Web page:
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Cool guys sounds good I'll just use beersmith to calculate my priming sugar. Sounds like i can rack the beer into the keg, purge w co2, and leave it at room temp for about 2 weeks til there's room in the keezer. Appreciate all the helpful advice!
 

k1ngl1ves

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Cool guys sounds good I'll just use beersmith to calculate my priming sugar. Sounds like i can rack the beer into the keg, purge w co2, and leave it at room temp for about 2 weeks til there's room in the keezer. Appreciate all the helpful advice!
The rule of thumb seems to be half the sugar in the keg that you would use for bottling.

I generally only use 2.5 oz of sugar in my kegs when I naturally carbonate. If I chill the keg down and it's not carbed enough, it usually only takes a day to get where I want it when hooked to co2.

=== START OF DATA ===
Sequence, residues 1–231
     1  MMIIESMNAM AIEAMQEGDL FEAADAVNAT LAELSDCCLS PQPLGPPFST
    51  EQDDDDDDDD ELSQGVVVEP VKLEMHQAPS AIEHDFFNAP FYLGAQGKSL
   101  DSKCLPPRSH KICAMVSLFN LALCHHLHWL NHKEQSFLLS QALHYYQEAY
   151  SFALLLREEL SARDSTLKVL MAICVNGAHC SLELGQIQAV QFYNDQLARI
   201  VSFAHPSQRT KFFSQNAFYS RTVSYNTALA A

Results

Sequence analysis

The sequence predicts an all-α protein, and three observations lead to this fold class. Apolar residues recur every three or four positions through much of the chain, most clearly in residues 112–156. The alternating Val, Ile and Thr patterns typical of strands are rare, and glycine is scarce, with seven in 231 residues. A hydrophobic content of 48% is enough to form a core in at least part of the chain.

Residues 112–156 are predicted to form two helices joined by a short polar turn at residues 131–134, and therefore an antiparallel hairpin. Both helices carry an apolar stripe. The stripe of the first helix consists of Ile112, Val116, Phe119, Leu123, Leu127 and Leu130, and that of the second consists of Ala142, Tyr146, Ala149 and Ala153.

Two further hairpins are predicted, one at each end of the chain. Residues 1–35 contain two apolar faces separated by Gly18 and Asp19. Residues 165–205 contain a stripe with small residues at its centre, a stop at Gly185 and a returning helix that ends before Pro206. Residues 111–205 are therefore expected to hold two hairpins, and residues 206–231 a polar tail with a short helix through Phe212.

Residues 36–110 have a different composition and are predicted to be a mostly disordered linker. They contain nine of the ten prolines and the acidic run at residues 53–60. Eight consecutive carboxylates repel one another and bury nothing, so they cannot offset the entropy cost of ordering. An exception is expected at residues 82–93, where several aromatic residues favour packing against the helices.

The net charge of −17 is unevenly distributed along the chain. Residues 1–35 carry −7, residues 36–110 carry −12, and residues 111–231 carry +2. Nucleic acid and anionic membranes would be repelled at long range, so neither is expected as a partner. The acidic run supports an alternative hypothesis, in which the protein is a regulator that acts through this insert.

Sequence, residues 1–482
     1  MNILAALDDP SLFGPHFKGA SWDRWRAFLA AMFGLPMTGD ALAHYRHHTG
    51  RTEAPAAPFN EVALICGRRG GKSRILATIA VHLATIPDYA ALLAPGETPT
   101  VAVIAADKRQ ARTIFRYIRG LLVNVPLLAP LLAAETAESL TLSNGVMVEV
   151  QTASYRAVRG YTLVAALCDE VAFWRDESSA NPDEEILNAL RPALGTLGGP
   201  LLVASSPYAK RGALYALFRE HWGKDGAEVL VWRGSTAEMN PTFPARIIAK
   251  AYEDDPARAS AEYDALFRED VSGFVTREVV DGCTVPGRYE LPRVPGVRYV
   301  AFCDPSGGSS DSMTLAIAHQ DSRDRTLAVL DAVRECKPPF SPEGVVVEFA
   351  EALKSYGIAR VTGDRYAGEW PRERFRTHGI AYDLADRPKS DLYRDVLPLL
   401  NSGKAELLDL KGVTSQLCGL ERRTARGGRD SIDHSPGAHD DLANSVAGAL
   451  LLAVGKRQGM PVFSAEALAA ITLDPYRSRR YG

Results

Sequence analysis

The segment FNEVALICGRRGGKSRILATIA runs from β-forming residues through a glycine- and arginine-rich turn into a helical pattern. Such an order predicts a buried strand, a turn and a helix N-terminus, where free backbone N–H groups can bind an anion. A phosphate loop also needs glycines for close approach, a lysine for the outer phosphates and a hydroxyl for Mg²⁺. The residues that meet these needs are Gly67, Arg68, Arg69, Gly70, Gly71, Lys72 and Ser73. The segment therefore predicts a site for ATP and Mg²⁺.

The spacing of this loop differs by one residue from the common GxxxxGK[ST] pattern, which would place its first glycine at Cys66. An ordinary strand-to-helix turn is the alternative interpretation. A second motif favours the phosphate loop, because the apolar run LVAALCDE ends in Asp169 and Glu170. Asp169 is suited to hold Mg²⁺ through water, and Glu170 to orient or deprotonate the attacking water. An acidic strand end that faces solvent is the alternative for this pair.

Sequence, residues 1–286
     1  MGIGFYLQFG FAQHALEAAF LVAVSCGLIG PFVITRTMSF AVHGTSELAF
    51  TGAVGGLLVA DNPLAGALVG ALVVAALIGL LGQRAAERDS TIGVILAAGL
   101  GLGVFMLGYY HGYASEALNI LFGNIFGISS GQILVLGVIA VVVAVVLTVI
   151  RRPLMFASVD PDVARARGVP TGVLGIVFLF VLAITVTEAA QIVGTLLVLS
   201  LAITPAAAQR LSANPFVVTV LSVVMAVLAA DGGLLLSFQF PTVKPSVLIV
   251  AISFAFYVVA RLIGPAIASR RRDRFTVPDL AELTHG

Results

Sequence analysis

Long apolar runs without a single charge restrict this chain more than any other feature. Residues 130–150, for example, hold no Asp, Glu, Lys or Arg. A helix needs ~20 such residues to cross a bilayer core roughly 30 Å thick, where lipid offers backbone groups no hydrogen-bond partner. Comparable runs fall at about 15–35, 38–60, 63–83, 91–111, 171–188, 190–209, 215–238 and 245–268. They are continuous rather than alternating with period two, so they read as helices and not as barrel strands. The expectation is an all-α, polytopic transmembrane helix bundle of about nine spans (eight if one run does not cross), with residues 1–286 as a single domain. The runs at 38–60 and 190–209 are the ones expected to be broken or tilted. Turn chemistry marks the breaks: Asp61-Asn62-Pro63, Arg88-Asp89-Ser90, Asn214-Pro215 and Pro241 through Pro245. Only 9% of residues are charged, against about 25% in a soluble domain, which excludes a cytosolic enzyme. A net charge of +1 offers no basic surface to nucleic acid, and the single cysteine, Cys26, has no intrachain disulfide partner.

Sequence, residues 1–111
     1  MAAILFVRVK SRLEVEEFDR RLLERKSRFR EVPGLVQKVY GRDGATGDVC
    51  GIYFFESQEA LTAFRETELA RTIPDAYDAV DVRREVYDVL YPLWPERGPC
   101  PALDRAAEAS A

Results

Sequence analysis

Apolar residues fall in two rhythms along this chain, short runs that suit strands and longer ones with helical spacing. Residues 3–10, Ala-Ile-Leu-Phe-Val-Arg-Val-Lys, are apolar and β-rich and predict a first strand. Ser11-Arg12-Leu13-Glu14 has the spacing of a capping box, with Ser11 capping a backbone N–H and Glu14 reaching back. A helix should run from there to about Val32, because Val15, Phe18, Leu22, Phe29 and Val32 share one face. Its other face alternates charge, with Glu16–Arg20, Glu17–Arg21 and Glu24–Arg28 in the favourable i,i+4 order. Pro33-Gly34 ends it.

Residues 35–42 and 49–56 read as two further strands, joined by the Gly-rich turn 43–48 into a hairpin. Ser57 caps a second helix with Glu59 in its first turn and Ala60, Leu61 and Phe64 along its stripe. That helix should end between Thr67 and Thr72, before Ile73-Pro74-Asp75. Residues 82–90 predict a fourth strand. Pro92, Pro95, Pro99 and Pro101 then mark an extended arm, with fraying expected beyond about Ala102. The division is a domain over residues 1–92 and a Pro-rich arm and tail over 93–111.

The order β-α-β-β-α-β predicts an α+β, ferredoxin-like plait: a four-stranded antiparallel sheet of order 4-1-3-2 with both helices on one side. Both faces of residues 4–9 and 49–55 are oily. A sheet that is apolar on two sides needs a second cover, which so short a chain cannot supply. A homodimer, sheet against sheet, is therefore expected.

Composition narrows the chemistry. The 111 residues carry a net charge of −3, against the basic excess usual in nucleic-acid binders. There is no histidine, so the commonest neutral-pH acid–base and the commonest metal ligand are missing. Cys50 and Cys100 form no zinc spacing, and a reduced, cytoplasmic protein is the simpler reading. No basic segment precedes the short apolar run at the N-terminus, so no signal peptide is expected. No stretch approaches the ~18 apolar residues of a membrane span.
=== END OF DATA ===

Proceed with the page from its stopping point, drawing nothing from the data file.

Better to be a bit under than to fight with an over carbed beer....
 

masonsjax

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It will continue to absorb co2 and the 30 will stabilize to 10 on it's own in short order. If you purge you're just wasting a tiny bit of co2 to the atmosphere.
 

kombat

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Purge because otherwise it will overcarb. I suppose instead, you could simply dial it back to 10 psi earlier, and let the remaining excess CO2 infuse into the beer.